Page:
The opening of the movie already gives us a first glance at the sociocritical undertone, which director Yang Yun-ho ("Fighter in the Wind") places high value on. The things that happened in Seoul at that time inevitably have to remind us from what we get to hear about Beijing's preparations for the Olympic Games 2008. Nevertheless, this is just mentioned on a side note, because the film's main focus lies on a controversial law, that is best described with the sentence that has been on any news channel in Korea at that time, and which is shouted out in desperation by our hero in this film: "Money buys justice - Lack of money leads to guilt." Only 2005, while this movie was still in production, the controversial law was finally abolished.

Director and script writer Yang draws very realistic characters, who may all be gangsters, some of them surely tend to be violent, but still, deep down they are not exactly bad people. They just had a harsh life and were unlucky enough to become the victims of a judicial system, that imposes a 7 year sentence for the repeated stealing of food. Maybe this is the reason why it's so easy for us to sympathize with the individuals portrayed here, because they don't take on the role of the culprit, but are actually the victims themselves. This becomes even more evident when the group around Ji eventually manages to escape and finds shelter at the homes of some residents of Seoul. Yeah, they are gangsters, but the hostages soon realize, that their life isn't in danger and that the hostage-takers are actually quite affable. This works out so well thanks to the thoughtful acting of the great cast and a good script, that never leaves any doubts about the genuineness of the feelings portrayed.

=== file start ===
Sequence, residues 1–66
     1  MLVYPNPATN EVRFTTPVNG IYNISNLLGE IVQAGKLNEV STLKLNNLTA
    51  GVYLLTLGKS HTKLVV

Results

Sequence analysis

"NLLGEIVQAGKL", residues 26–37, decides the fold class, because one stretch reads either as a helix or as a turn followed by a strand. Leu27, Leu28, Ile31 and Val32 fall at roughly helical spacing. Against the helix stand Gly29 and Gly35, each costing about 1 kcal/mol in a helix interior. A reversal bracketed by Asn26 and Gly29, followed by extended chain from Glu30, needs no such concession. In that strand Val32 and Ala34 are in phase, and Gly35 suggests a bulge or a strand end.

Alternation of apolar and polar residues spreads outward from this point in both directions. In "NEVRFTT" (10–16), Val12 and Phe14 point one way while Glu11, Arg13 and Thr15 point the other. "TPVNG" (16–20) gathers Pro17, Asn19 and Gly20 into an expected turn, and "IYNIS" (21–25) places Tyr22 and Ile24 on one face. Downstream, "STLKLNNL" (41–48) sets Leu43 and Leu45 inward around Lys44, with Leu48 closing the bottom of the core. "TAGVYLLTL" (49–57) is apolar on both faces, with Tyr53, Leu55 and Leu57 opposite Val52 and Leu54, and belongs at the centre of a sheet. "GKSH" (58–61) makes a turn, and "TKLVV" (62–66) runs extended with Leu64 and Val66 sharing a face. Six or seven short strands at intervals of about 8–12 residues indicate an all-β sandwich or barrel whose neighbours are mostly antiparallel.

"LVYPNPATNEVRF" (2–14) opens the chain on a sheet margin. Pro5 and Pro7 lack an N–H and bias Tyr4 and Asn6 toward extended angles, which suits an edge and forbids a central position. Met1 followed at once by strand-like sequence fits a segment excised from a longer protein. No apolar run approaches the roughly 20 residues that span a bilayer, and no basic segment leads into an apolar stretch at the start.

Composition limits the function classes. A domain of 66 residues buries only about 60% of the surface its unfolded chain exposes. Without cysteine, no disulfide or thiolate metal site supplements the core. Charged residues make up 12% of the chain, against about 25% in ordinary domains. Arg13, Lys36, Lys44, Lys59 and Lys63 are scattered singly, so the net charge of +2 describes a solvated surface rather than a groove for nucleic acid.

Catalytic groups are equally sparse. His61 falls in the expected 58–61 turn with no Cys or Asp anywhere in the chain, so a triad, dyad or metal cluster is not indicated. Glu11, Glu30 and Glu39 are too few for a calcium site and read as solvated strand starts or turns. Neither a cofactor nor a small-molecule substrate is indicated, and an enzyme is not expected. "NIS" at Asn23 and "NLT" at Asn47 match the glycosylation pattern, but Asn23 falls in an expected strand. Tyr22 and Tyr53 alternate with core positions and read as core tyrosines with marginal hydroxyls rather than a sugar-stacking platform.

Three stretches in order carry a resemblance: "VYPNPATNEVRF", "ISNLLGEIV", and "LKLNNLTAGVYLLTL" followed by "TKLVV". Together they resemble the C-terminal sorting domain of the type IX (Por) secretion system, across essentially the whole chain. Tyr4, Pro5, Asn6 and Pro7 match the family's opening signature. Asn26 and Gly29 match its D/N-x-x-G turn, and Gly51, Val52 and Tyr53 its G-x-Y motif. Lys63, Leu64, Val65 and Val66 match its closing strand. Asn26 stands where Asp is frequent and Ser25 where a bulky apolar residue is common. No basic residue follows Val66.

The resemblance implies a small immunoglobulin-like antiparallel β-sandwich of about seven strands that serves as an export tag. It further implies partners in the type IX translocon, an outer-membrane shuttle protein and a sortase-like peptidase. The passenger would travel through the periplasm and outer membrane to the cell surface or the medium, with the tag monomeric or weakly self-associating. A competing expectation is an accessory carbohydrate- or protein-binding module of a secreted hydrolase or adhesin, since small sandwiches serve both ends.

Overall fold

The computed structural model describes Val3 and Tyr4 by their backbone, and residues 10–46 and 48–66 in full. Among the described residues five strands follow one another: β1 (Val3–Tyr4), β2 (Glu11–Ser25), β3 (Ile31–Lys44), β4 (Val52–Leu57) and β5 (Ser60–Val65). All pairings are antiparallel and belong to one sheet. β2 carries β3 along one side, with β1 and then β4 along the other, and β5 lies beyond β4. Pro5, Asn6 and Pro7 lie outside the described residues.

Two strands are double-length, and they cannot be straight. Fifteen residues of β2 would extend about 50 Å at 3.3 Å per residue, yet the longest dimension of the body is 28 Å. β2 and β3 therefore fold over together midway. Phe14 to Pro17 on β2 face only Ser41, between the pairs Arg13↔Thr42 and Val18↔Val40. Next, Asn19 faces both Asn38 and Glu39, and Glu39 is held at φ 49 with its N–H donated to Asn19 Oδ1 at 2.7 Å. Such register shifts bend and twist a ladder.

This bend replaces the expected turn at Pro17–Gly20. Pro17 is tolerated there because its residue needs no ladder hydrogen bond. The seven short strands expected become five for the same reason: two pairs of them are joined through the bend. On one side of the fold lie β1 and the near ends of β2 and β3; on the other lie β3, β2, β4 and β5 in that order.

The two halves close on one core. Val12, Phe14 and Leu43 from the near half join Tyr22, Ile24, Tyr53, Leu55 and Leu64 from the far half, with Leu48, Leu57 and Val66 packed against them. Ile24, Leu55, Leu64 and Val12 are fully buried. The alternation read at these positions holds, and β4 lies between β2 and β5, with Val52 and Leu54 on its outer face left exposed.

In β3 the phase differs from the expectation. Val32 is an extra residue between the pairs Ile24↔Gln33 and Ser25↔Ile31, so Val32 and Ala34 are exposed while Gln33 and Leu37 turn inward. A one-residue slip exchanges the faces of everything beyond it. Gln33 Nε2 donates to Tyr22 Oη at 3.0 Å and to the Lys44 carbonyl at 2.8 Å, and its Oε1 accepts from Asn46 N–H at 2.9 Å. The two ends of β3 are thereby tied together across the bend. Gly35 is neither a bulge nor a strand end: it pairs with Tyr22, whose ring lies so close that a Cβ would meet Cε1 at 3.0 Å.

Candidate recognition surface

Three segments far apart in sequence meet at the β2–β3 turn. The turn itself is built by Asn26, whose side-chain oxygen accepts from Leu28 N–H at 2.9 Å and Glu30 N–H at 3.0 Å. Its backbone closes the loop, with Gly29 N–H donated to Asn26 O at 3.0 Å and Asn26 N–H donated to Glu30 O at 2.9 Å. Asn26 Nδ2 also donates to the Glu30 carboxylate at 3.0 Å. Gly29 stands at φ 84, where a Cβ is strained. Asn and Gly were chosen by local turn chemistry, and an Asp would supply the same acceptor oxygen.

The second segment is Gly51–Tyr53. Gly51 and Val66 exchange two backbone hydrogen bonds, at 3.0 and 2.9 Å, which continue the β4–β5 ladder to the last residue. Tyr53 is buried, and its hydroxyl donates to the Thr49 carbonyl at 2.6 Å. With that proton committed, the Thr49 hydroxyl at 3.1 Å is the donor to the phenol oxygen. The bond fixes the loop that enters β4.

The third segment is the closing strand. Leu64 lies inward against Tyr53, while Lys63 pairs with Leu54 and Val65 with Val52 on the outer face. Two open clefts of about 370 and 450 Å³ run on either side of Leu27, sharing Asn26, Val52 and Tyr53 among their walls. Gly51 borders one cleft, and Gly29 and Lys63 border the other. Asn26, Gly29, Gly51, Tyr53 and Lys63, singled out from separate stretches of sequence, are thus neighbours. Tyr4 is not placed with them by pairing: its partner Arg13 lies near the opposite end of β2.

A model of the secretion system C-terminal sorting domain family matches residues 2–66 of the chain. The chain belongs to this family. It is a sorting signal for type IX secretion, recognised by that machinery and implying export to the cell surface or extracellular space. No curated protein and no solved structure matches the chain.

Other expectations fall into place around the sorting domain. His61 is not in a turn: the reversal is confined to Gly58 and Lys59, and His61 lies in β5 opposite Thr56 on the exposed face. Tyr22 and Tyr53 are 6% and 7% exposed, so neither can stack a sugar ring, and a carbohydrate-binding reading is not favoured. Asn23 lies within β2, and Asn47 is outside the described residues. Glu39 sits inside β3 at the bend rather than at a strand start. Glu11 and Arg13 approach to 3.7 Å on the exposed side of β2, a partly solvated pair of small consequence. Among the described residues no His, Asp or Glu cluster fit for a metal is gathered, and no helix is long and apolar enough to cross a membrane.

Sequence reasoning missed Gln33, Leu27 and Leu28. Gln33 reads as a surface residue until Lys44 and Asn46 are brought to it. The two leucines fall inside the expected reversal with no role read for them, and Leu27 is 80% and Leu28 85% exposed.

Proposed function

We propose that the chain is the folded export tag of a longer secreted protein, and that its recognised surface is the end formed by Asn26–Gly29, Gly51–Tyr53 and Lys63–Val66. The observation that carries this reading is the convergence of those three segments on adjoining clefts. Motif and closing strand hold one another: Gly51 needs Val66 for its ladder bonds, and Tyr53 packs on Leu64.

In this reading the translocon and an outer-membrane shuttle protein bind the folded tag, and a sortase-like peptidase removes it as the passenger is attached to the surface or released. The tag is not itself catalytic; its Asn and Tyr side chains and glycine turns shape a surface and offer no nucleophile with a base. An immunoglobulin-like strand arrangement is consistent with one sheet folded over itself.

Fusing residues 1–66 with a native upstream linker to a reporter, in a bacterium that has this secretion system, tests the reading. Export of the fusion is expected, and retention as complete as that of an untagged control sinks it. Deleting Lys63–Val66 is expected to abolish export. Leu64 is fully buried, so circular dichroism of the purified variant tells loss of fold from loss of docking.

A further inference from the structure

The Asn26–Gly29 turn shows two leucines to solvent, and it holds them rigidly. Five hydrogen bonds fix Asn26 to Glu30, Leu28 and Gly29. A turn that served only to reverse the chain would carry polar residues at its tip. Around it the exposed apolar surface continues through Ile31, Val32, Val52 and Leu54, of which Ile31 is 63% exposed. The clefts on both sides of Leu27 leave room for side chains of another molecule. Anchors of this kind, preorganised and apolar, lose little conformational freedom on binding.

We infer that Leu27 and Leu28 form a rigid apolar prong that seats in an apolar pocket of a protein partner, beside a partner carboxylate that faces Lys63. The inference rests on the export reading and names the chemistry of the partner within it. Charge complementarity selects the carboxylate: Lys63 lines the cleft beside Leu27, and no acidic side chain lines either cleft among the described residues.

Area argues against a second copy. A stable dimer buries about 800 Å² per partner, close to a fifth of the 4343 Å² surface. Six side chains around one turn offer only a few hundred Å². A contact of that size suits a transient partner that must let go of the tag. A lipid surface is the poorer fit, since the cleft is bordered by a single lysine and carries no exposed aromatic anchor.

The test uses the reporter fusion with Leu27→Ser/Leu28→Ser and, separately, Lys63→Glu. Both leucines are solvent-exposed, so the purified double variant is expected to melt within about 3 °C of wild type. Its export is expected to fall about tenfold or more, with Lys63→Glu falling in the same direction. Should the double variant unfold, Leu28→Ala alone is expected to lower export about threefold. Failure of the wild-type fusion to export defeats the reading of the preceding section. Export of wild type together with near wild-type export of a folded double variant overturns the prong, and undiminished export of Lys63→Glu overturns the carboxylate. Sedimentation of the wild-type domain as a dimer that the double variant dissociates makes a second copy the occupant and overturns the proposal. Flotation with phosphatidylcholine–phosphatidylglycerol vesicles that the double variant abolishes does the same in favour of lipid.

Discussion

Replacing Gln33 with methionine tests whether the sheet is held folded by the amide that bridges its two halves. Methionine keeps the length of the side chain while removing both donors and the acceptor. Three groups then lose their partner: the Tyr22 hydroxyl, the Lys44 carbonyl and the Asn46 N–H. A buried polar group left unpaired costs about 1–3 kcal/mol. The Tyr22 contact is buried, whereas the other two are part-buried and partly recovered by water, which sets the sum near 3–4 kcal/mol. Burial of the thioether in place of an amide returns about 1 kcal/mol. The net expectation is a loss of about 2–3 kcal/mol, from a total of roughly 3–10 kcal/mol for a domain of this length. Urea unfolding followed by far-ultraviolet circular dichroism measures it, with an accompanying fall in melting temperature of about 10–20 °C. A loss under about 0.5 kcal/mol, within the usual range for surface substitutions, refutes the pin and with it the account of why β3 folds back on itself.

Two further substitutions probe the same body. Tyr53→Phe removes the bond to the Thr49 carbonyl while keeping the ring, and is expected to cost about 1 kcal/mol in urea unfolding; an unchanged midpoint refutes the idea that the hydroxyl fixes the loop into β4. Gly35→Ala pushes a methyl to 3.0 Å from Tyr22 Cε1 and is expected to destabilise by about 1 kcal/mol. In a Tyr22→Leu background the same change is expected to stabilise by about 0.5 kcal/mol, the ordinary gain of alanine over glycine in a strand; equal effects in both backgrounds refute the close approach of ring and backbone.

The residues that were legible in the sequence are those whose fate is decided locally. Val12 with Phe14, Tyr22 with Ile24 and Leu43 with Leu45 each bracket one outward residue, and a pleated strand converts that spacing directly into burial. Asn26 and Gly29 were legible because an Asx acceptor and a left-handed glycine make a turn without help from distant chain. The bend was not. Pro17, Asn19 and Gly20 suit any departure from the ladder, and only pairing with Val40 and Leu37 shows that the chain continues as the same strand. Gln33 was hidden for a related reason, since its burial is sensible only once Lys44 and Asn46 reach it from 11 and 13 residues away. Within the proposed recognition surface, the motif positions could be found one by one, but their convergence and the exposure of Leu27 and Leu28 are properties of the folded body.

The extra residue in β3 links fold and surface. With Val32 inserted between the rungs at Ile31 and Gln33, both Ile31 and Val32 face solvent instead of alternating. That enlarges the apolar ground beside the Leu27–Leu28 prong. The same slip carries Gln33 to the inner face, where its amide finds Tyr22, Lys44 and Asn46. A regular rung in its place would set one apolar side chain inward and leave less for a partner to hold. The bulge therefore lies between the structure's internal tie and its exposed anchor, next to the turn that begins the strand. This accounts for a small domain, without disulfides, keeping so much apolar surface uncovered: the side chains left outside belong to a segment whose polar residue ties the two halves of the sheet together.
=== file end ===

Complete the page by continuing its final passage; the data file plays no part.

Unfortunately, "Holiday" also has its downsides. For once, there is the villian An-seok, which is played incredibly wacky and yet merciless by Choi Min-su to such a degree that you have to wonder if he thought that he would be participating in a live-anime-adaption. At times, he can be really annoying, even if he at least succeeds in gaining all the viewers hatred as the sadistic senior prison officer, thus also representing the unfair justice of Korean law.